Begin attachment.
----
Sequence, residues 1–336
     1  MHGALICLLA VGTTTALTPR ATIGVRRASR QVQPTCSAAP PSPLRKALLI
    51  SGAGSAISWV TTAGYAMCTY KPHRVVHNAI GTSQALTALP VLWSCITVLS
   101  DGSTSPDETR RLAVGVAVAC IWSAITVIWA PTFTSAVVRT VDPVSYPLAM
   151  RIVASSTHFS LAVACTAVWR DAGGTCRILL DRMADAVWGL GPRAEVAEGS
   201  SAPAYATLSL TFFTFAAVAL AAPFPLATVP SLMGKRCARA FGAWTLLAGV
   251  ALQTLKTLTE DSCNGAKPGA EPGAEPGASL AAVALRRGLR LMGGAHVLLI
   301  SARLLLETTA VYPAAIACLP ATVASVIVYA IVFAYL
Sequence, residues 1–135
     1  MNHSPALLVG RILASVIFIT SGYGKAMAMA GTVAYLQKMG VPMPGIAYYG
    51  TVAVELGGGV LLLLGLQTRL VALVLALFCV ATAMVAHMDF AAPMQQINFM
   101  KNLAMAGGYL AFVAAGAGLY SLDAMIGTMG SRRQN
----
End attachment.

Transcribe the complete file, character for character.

Sequence, residues 1–336
     1  MHGALICLLA VGTTTALTPR ATIGVRRASR QVQPTCSAAP PSPLRKALLI
    51  SGAGSAISWV TTAGYAMCTY KPHRVVHNAI GTSQALTALP VLWSCITVLS
   101  DGSTSPDETR RLAVGVAVAC IWSAITVIWA PTFTSAVVRT VDPVSYPLAM
   151  RIVASSTHFS LAVACTAVWR DAGGTCRILL DRMADAVWGL GPRAEVAEGS
   201  SAPAYATLSL TFFTFAAVAL AAPFPLATVP SLMGKRCARA FGAWTLLAGV
   251  ALQTLKTLTE DSCNGAKPGA EPGAEPGASL AAVALRRGLR LMGGAHVLLI
   301  SARLLLETTA VYPAAIACLP ATVASVIVYA IVFAYL
Sequence, residues 1–135
     1  MNHSPALLVG RILASVIFIT SGYGKAMAMA GTVAYLQKMG VPMPGIAYYG
    51  TVAVELGGGV LLLLGLQTRL VALVLALFCV ATAMVAHMDF AAPMQQINFM
   101  KNLAMAGGYL AFVAAGAGLY SLDAMIGTMG SRRQN